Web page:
Has Spring come? 春や来

春や来     し年や行きけん     小晦日

haru ka koshi     toshi ya yukiken      kotsugomori

Has Spring come,
Is the Old Year gone,
This New Year’s Eve?

Iga region, 1663


New Year’s Eve, 1662

In the second year of Kanbun, the Shogun is Tokugawa Ietsuna. Matsuo Kinsaku is a servant to the samurai Tōdō Yoshitada (藤堂 良忠). He is not yet 20, and not yet the accomplished poet the world knows as Matsuo Basho.

Looking Back, Looking Forward

New Year’s Eve is a good time to look both ways.

Perhaps, young Matsuo and a few friends are having a traditional fare, eating a steaming hot bowl of noodles called Toshi koshi soba (年越し蕎麦), literally, the New Year’s Eve noodle. A traditional fare usually accompanied by generous helpings of Saki.

Because Spring in 1663 started on the 29th of the new year, and not the 30th or the 1st day, Basho wrote this amusing conundrum. Amusing to the diners. For buried within the haiku are the rhyming words “koshi toshi,” a play on the name of the dish, Toshi koshi soba.

Noodles — because last year’s hardships are easily broken up, and worries are swallowed and washed away with Saki.

Matsuo Kinsaku inspired

All poets copy, the great ones are inspired.

This  is thought to be Matsuo Basho’s earliest dated haiku, referring to 1662-1663, the 29th day of the lunar month before the Lunar New Year.

The inspiration and wording is based on an earlier poem by Ariwara Motokawa (888–953).

if during the old year
spring has come and
one day is left;
should we call it
last year or this year?


toshi no uchi ni
haru wa ki ni keri
hitotose o
kozo to ya iwan
kotoshi to ya iwan

Withering Winter

冬枯れ や 世は一色に    風の音
Fuyugare ya /   yo wa isshoku ni /    kaze no oto

Winter’s withered plants
A World of One Color
The Sound of Wind

Bleak is the Winter
White is the Color
And the Sound of Wind

Winter’s Solitude
A World of one color —
The Sound of Wind

Night Snow, Utagawa Hiroshige, circa 1833, The Met

World of One Color

It is bitter cold, one can see nothing but white, and hear nothing but the sound of wind.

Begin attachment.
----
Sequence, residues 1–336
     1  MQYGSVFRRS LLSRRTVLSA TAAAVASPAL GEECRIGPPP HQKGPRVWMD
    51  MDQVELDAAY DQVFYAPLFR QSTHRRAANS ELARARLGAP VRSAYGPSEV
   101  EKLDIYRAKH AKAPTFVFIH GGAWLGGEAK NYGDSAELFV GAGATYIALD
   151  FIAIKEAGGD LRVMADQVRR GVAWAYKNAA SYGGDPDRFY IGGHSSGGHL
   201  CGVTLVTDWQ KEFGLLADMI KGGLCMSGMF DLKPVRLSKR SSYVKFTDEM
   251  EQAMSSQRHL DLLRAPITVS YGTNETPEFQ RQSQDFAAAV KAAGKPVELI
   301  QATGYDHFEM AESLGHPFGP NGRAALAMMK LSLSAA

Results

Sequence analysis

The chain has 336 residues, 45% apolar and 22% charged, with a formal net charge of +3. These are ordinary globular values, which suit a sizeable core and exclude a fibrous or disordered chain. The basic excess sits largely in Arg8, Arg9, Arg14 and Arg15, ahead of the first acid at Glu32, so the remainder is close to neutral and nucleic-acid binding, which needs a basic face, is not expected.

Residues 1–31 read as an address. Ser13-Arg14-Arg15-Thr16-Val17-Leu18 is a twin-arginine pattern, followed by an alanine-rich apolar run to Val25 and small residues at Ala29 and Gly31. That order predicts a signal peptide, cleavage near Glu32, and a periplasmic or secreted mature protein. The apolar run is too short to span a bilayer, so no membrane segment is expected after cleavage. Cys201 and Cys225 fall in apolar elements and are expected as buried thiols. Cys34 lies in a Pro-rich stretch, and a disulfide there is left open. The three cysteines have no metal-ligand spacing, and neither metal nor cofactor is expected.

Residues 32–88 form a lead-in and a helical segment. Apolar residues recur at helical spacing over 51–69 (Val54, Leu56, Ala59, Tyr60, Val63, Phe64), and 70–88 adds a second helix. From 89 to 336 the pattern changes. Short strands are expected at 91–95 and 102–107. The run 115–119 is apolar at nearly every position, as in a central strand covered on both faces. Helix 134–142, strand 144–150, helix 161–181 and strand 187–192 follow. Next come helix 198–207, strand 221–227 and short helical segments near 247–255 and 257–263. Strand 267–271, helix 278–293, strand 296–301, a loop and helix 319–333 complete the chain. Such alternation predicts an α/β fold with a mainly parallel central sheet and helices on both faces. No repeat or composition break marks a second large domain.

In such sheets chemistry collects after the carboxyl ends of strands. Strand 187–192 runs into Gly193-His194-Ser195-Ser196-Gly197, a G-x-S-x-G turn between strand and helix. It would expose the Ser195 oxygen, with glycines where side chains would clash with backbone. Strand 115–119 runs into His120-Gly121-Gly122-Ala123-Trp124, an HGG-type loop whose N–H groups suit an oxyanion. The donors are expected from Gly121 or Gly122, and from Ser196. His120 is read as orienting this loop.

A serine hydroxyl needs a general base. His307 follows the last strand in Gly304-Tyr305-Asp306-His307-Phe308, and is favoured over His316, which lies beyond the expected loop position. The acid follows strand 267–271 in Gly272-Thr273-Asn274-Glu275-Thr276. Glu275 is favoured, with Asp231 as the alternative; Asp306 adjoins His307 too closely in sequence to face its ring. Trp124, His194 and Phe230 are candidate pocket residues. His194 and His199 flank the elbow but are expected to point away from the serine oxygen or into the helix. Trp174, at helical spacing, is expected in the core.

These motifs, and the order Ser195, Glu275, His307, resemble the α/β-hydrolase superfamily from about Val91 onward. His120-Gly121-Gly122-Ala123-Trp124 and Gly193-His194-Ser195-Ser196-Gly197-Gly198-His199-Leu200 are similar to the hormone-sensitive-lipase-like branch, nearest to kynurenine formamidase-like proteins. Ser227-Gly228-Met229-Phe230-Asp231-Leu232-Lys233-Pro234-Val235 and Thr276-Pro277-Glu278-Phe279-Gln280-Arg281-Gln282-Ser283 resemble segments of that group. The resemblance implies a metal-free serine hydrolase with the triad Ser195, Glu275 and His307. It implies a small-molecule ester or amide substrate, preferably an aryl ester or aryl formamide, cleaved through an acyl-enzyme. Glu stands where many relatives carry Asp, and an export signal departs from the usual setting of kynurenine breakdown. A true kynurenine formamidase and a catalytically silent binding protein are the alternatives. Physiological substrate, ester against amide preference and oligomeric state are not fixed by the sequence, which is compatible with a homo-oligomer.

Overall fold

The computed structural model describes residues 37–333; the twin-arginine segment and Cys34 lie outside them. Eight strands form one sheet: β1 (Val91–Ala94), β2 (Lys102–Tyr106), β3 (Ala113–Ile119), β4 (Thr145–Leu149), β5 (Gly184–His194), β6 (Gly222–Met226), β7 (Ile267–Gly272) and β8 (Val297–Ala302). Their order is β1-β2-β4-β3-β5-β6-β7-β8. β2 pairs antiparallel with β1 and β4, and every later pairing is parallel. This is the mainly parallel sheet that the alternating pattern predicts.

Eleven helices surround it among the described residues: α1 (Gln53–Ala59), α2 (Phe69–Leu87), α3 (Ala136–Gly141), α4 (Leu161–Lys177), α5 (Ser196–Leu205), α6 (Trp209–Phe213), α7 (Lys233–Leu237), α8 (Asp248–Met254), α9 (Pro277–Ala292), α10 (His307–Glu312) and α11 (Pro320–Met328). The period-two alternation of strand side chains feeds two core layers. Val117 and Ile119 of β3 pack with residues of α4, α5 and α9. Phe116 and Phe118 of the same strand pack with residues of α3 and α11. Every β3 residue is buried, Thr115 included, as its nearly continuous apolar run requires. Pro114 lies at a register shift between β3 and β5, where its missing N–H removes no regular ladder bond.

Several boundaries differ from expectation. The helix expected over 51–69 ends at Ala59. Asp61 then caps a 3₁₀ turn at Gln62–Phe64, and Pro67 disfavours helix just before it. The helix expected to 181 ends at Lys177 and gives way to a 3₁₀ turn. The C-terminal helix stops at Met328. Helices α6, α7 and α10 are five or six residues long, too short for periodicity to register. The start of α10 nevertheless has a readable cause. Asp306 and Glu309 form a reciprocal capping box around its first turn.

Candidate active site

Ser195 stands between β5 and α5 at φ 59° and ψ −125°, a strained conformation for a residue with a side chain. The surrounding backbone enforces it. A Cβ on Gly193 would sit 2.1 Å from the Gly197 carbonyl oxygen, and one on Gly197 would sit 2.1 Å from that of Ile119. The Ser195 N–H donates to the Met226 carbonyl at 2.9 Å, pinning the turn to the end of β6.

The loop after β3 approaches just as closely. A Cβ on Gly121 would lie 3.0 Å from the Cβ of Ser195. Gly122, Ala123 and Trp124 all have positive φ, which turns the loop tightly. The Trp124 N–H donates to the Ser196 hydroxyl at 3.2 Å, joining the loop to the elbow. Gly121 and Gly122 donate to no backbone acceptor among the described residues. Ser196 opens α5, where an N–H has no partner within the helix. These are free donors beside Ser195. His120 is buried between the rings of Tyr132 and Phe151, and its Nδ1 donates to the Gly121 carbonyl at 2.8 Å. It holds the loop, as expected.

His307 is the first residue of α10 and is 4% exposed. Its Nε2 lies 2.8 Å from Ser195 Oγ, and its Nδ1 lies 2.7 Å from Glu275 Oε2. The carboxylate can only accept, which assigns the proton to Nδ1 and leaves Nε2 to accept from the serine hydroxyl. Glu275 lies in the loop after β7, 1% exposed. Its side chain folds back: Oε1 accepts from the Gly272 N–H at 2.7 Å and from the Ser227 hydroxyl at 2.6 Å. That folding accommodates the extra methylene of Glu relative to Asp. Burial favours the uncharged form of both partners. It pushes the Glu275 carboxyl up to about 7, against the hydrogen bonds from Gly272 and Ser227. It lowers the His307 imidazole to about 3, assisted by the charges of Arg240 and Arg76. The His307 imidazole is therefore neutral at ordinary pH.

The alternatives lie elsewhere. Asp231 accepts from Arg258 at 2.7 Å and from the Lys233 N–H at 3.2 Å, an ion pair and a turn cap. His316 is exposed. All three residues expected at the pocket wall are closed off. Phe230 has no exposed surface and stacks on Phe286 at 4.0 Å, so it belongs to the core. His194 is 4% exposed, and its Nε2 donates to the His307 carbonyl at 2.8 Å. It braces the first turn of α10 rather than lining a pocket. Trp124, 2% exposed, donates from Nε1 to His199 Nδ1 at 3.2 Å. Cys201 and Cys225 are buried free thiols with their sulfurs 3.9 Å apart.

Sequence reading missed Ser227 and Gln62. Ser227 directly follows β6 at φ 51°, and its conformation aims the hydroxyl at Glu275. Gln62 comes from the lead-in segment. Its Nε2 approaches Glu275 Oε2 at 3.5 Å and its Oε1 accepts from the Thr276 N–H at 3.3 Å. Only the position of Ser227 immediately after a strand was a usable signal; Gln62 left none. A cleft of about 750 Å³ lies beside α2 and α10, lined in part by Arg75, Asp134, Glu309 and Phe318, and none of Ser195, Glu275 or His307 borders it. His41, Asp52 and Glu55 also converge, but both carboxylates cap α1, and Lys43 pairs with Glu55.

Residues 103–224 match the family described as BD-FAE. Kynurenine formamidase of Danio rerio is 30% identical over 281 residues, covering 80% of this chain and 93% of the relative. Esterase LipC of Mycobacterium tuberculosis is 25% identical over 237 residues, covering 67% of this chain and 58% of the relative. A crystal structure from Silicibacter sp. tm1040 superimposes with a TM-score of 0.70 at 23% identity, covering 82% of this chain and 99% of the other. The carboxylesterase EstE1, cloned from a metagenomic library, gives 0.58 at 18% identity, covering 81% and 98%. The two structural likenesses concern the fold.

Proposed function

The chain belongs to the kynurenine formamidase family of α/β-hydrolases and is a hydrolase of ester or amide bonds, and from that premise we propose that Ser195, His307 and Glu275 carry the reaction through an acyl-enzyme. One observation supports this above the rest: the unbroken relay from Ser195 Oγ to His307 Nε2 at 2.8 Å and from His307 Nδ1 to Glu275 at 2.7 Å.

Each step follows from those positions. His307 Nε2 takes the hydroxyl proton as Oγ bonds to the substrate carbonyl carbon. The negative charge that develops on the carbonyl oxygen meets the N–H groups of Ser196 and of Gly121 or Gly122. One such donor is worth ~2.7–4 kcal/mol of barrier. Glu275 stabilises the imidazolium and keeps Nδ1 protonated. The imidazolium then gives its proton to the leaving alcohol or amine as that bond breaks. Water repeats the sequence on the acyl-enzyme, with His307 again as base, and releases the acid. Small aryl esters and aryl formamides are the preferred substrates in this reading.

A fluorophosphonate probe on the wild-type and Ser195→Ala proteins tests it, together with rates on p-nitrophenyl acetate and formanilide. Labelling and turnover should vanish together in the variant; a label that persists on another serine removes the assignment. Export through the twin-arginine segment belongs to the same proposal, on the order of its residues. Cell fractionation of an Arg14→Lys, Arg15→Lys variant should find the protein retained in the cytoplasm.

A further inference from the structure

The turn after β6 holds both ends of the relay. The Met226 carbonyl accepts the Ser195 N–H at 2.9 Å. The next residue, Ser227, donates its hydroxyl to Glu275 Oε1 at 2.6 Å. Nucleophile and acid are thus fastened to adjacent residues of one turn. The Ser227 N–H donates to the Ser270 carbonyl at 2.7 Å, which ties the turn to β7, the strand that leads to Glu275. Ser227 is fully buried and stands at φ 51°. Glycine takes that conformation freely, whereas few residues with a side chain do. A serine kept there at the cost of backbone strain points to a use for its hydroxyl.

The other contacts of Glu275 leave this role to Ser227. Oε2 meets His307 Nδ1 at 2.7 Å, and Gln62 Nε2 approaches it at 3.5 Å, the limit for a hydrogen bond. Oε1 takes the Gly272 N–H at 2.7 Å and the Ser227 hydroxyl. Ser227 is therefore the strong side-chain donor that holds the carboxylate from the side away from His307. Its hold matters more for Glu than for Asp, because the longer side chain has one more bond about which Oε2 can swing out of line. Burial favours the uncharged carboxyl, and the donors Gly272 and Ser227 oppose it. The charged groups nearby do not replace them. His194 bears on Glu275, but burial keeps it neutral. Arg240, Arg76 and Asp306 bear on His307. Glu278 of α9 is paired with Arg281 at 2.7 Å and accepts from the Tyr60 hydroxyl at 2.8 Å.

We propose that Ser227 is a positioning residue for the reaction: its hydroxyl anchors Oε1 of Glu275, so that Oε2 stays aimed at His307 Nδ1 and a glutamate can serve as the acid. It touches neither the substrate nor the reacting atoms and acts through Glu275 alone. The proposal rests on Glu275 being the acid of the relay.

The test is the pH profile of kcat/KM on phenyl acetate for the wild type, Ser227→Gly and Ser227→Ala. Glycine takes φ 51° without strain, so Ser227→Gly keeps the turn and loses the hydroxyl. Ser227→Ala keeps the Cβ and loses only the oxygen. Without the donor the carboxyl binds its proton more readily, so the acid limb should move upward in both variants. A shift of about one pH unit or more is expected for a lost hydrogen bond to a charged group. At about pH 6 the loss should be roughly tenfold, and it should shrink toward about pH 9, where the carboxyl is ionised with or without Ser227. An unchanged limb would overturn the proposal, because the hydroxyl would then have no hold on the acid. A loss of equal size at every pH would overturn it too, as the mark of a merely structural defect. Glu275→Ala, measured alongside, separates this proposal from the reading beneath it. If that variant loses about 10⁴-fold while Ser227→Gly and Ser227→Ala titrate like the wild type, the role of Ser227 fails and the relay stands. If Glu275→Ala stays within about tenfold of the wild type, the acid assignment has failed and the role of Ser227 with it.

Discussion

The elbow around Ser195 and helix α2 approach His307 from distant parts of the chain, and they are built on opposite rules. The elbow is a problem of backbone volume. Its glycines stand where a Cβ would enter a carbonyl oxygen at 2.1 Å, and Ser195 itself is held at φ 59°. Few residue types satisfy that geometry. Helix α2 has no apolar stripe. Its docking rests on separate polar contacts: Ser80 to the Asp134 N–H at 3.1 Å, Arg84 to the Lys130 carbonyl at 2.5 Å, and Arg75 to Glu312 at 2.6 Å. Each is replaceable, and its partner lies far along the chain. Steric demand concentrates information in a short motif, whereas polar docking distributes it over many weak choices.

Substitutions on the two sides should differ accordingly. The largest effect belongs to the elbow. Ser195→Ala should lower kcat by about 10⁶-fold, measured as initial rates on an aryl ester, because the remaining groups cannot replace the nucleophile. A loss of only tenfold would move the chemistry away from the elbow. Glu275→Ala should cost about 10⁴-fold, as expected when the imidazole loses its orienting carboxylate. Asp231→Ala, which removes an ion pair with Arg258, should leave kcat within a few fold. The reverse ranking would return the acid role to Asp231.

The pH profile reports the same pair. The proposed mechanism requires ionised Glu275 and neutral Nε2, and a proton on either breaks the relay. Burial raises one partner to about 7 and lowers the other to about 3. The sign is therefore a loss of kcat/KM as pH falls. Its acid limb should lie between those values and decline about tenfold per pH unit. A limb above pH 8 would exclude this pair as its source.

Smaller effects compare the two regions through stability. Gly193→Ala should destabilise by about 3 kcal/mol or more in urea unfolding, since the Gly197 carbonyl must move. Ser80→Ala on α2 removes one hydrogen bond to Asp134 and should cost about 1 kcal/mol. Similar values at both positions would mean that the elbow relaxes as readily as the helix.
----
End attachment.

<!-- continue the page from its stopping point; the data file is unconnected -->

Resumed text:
One could imagine Antarctica in the winter, or a Siberian scene in Dr. Zhivago. For me it was a “white-out” in eastern Colorado, early January of 2020.

I was driving my son’s ancient Camry from Ft. Collins, Colorado to Wichita. Being an intrepid soul, I avoided the quicker Interstate 25, and instead headed east early in the morning, driving through Windsor, Colorado, on to Highway 34, then picking up Interstate 76 to Fort Morgan, before switching back to US Highway 34, then south on lonely Colorado Highway 59, and finally, at Seibert, on to Interstate 70 for the majority of the trip.

Interstate 76 and 70 in the winter are both windy, but one has the company of other trucks and cars being buffeted about. If the snow and wind are too great, then the interstate is shut down and one stays in a hotel room if one can be found.

Out on the two lane Highway 34 and the side roads like Colorado 59, the experience is quite different. There are few trees, few towns, and few houses. In places where the land has been plowed for hay, or corn, or wheat, the winter brings on vast fields of snow that when the wind blows, makes the world one solid color of white. It is frightening to drive in such conditions.

Slowing down or stopping, one hears the sound of wind, a high pitched whistle, that along with the bitter cold cuts to the bone.

Notes on translation

fuyugare, 冬枯れ, is literally the withering winter. One can infer from this that Bashō was referring to the bleakness of winter or winter’s desolation or isolation. One could also use the cliche “dead of winter,” but cliches should be avoided. Some translators speak of winter’s solitude, and that works too. Solitude, however, may suggest serenity, and that is not what I choose to take away from my experience in eastern Colorado.

Ah, is not the beauty of poetry that it expresses something unique to each of us? Or does it depend on the moment? Dr. Zhivago is shivering away trudging through the snow, but quite happy in his frozen palace.

ya, や, is similar to “and” in English

wa isshoku ni, 世は一色に, is literally a world of one color, which, in this case, is white.

kaze no oto, 風の音, the sound of wind, or the voice of wind, if one wishes to hear the wind speak.

Evening snow on Hira mountains, Utagawa Hiroshige, Fitzwilliam Museum

The Guest’s Shadow is like Kageboushi

The banked fire
The guest’s shadow on the wall –
A silhouette.

Uzumi-bi ya/ Kabe niha kyaku no/ Kageboushi

埋火や 壁には客の 影法師


Meaning of Matuso Basho’s haiku

A banked fire is like the guest’s shadow, is like a silhouette. A silhouette, the essence of a human being reduced to its most basic form. A shadow without substance.

A banked fire, 埋火, literally, a buried ember. The banked fire is built around rocks or stones and protected from the wind. Thus, we find Matsuo Basho and his disciples on a cold winter’s night sitting around a fire with their backs facing the wall of the inn or the home, their face and hands warmed by the fire’s heat, until the flames die down and it is time to go to bed.

If the coals from the fire are protected, there will usually be enough heat in the embers to start a fresh fire the next day. The first character 埋 also implies the quality of being buried or hidden, a fire that lies within the embers.

Kageboushi, 影法師, literally “shadowman,” refers to a silhouette, and to Shadow Theater, and indirectly to Puppet theater which became popular during the Edo Period.